Last Friday night, I called in an order at the local pizza place here in the small town where we live. Because I seldom have cash and I’m unsure whether their delivery guys can take my debit card, I usually go pick up the pizza. It’s less than a mile from our house anyway. Cindy… Continue reading A Truck Made with Forks?
I don’t recall a lot of things my dad taught me, but one I do remember is that in order to get someone to do what I want or to give me something, I first need to butter her up. I say her because the prospective giver was usually my mother. “Mom, you look so pretty today, and you wash those dishes so thoroughly. Do you think I could have a cookie?”
I wrote last week about my renewed view of the role of a pastor and how I am prioritizing pastoring my own family. Pastors aren’t the only ones who should pastor their families. All fathers are called to the role of shepherd, to the responsibility of shepherding our children, as well as our wives. A wonderful resource to help with this is Voddie Baucham Jr.’s “Family Shepherds.”
If you weren’t aware, October is Pastor Appreciation month. Many churchgoers might night know about this month-long opportunity to lavish praise and gratitude on their ministers, but most of us men and women of the cloth do. Very often we receive greeting cards of thanks and gift cards to area restaurants. Sometimes it may simply be a check, which for our family has on more than one occasion been a timely resource for an urgent need.
Anger is an intriguing emotion, involving a perceived need to defend someone or something. How I react to what is being attacked determines whether I sin in my anger or not. What it is I am defending will also aid in my evaluation of what is and isn’t sin. Therefore, when I become angry, I need to determine what it is I’m trying to defend. Is it worthy of defense? If so, how can I defend it properly?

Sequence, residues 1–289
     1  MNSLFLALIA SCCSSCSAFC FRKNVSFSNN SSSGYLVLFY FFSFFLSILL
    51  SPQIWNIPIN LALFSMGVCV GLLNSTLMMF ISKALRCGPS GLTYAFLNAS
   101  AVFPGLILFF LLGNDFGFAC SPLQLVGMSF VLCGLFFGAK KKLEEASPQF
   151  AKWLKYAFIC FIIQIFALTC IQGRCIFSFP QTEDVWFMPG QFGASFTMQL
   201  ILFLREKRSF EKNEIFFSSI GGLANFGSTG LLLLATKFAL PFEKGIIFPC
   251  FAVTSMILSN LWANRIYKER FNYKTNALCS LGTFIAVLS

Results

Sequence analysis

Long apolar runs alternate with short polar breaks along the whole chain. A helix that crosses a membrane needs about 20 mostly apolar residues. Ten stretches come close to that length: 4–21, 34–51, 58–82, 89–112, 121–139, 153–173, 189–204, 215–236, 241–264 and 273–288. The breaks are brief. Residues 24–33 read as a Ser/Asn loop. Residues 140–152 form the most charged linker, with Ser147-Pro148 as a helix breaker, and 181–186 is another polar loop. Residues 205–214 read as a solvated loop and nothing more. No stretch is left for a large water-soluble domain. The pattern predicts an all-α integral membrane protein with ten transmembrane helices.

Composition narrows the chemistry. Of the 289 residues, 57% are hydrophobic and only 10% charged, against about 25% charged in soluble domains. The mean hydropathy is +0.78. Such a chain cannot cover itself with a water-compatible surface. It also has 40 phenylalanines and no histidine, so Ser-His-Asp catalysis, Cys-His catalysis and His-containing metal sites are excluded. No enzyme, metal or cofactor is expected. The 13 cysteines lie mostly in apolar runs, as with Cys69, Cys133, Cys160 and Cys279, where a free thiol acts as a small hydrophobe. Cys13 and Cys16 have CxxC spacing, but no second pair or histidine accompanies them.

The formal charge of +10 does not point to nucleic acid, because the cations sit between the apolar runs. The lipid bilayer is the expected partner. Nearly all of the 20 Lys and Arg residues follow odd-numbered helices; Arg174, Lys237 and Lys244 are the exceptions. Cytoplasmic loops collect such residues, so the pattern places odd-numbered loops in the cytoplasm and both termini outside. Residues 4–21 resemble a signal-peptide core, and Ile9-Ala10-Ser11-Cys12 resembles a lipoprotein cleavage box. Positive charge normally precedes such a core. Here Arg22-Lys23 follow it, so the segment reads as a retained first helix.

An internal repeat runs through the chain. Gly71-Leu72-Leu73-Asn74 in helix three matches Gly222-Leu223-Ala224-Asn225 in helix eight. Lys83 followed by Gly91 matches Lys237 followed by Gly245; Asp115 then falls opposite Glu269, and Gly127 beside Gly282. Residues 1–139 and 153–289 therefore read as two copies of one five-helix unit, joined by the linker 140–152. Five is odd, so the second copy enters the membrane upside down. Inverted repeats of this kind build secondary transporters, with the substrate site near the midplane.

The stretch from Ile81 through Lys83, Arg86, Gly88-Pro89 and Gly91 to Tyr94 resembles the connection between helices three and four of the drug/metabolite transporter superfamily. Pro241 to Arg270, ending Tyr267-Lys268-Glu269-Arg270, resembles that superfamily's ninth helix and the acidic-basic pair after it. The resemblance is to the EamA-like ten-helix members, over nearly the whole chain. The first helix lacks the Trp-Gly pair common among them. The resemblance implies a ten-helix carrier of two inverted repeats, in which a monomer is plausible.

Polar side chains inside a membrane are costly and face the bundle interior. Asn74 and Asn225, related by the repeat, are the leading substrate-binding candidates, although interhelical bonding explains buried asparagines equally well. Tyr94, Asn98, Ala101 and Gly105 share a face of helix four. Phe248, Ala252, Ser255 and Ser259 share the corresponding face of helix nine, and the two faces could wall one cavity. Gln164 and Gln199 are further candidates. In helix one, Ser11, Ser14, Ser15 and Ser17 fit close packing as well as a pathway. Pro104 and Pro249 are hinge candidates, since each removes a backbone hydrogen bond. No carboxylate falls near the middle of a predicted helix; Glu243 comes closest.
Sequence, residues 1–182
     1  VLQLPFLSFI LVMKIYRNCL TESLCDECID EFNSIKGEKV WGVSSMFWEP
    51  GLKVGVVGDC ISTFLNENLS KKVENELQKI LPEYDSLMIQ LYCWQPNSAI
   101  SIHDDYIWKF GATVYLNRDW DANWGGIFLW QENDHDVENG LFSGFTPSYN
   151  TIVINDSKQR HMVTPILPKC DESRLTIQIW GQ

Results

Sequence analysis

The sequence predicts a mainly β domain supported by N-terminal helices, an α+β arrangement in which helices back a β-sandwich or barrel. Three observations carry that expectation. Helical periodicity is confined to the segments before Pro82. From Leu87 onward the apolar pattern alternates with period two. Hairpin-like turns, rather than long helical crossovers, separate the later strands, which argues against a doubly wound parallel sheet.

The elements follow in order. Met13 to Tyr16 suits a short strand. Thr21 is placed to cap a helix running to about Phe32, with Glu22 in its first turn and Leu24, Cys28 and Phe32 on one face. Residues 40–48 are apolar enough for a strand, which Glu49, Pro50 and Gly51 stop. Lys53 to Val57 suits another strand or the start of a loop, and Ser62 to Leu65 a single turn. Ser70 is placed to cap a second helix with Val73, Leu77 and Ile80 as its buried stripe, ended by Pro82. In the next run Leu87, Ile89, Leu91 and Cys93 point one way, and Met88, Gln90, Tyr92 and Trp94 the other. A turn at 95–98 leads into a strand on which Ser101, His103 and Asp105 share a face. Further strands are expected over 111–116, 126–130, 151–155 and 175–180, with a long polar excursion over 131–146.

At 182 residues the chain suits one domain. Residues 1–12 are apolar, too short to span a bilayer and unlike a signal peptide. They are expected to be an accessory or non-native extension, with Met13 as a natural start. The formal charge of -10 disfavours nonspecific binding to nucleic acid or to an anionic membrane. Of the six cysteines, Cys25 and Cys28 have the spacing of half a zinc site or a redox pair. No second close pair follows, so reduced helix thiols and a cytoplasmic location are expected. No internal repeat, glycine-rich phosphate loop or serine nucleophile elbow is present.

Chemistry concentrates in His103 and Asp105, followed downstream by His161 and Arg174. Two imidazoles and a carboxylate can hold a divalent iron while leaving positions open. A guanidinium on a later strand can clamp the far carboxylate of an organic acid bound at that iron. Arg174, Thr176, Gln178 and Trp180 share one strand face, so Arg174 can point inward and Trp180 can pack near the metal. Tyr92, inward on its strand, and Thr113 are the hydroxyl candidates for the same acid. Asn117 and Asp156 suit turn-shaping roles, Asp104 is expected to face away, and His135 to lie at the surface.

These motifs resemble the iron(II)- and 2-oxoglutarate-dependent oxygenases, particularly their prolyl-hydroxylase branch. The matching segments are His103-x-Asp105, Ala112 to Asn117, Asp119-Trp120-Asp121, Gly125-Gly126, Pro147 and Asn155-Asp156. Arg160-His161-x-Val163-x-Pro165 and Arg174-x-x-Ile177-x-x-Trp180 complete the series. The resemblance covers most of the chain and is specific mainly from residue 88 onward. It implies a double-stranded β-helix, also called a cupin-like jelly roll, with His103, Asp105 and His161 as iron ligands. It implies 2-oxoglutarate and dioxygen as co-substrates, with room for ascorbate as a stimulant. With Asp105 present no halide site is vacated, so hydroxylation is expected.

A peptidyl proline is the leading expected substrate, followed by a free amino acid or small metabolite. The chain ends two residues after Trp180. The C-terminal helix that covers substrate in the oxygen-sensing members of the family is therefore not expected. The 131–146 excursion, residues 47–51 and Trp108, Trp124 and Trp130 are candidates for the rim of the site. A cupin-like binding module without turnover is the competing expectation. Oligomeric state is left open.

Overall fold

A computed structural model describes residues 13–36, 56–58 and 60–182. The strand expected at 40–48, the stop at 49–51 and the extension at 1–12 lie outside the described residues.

When I was a kid, sometimes my siblings and I felt it necessary, even dire, to interrupt our parents’ alone time. There may have been popsicles involved. At age seven, I didn’t know what was going on behind their closed door on a Saturday afternoon, but my brothers and sister and I had this deal that we always discussed ambling down the hall toward their door. One of us would quickly say, “I knock. You talk.”
I wake up pretty early most days, before the sun has risen. When I begin to make my way down the stairs, our cat Leo is usually there to greet me. He meanders slightly ahead of me resting on every other step, dangerously hindering my path, until I prod him along.